[Interview] Smoke DZA: Harlem’s General
RubyHornet: Word, I like that parallel there. Moving on, it seems like you’re now talking a role as a leader of the city. From back when I first heard you in the Smoke & Numbers days, to now you’re rocking with the A$AP cats, as well as Joey Bada$$ and Mr. MFN Exquire from Brooklyn, how do you see yourself fitting in with the younger regime in NYC?
Smoke DZA: I can’t really say fit in because I’m already a part of the mold. I feel like I’m still a young artist, I’m 28. There is a lot of younger artists, but I feel like we’re all in the same realm, but I don’t feel like I need to fit because I feel I’m a part the mold. I’m just trying to keep it going and keep everybody motivated, and work with everybody, you know in the past NY artists didn’t really work with each other, but in this day & age, I’m one of the Young OGs, I been out here doing it for sometime. I’m just trying to work with everybody and bridge every gap I can bridge.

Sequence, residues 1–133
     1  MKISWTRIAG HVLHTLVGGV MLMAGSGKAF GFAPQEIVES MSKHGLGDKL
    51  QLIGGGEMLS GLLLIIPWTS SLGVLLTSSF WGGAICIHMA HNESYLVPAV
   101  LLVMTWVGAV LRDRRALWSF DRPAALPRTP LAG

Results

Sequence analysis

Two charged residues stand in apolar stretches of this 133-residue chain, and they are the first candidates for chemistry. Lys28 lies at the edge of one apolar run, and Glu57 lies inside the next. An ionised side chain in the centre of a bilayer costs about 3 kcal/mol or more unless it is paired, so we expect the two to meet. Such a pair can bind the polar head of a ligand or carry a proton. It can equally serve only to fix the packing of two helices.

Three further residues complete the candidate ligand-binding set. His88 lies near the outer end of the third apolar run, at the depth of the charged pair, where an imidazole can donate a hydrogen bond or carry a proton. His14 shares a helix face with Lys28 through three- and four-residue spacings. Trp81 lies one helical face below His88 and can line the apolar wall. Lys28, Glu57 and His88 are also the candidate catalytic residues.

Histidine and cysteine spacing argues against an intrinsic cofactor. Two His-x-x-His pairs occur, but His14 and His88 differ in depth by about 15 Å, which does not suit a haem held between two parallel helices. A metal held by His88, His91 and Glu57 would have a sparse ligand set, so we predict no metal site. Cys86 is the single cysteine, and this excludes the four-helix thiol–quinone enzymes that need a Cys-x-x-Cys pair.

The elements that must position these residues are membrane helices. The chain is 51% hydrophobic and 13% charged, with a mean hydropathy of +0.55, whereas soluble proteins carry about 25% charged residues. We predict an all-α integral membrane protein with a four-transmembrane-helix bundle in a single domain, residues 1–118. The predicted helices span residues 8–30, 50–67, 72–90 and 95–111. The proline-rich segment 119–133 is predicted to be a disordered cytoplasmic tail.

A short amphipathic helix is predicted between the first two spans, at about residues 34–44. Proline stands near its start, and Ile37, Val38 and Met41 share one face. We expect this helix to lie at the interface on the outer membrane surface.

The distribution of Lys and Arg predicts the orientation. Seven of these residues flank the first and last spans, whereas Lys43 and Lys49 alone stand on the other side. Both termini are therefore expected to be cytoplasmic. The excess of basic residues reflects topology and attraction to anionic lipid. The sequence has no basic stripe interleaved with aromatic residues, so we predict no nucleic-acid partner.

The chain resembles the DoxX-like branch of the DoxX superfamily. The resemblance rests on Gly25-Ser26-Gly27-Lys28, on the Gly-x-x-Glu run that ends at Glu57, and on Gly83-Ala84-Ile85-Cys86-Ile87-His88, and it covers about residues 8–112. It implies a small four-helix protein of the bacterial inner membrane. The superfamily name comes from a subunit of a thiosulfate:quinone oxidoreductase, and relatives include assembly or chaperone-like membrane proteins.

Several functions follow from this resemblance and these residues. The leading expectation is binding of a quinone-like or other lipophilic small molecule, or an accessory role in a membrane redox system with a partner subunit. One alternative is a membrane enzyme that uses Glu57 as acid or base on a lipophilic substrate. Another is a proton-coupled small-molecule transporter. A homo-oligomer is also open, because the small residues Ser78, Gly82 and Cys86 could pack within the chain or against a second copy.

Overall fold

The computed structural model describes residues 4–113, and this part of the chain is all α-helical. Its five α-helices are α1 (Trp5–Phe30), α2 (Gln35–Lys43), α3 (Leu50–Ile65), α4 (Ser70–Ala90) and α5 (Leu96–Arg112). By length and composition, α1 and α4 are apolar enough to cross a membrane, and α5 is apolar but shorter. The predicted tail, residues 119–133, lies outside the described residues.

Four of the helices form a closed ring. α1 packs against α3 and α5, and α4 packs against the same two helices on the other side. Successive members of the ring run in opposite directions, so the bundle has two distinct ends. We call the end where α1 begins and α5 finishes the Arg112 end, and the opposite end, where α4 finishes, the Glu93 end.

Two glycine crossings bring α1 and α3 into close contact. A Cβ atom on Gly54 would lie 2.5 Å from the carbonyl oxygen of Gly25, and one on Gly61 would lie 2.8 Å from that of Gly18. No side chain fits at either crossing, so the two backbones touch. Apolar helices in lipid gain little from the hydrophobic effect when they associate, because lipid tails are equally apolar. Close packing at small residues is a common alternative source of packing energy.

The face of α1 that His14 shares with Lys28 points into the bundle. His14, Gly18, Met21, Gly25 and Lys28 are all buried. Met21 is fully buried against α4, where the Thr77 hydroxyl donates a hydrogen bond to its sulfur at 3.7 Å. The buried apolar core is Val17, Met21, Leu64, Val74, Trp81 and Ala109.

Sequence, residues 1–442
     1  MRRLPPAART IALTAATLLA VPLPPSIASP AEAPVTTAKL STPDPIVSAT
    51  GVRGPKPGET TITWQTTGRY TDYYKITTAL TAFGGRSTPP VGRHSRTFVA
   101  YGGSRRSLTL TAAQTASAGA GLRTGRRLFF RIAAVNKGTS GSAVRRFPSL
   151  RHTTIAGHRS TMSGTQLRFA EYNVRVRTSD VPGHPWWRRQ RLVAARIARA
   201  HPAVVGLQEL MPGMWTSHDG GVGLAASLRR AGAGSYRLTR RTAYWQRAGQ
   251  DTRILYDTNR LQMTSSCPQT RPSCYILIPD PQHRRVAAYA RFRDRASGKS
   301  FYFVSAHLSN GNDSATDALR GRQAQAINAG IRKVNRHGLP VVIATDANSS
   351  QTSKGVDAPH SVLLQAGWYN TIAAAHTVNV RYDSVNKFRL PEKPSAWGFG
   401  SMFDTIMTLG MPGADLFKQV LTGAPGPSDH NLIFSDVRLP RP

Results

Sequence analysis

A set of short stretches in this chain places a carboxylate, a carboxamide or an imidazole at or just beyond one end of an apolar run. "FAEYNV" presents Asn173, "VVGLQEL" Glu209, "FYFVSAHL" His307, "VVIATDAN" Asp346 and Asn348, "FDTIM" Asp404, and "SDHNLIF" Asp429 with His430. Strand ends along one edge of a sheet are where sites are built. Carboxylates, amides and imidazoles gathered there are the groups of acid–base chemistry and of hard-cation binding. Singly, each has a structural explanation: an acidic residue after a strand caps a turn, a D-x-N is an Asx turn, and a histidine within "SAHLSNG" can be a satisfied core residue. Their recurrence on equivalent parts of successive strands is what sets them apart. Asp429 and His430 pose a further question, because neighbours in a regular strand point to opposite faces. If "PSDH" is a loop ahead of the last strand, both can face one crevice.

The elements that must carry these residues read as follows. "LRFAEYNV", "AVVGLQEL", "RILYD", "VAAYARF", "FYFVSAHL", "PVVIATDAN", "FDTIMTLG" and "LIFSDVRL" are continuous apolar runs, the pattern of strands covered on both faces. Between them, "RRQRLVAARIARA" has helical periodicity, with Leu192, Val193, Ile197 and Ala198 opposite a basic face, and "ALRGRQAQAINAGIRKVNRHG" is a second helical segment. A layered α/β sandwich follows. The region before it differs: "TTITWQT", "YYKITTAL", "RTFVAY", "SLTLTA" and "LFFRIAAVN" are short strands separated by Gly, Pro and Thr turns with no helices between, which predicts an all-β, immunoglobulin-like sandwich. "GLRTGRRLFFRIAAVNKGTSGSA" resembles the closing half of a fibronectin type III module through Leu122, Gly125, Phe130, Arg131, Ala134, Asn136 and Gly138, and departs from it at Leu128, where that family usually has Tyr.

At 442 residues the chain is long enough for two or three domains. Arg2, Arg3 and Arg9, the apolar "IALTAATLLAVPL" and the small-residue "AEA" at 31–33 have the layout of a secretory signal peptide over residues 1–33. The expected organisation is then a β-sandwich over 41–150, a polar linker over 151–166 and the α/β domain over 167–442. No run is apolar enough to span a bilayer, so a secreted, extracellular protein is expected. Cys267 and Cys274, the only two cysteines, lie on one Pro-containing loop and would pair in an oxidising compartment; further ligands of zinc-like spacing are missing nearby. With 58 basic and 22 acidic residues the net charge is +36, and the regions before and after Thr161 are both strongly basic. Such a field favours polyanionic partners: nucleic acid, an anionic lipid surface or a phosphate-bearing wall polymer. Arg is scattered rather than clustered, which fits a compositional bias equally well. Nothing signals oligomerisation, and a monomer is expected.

RubyHornet: Man I saw you saw recently your biggest influence was Jay-Z. When was the first time you heard Hova?
Smoke DZA: First time I heard hov was ’96. Reasonable Doubt. Can’t Knock The Hustle. I was on 115th & Lennox, had no business over there. The fuckin Lexus drove by and it was playing that song. I didn’t even hear Jay’s verse, I heard Mary J’s hook and the beat. When Jay started rappin’…na’ mean. It was something I had to embrace. It felt like what was going on, right then an there. Even though I was a kid, and I didn’t know too much about anything, but the feeling that I had when I heard that record just matched time ambiance that I was around.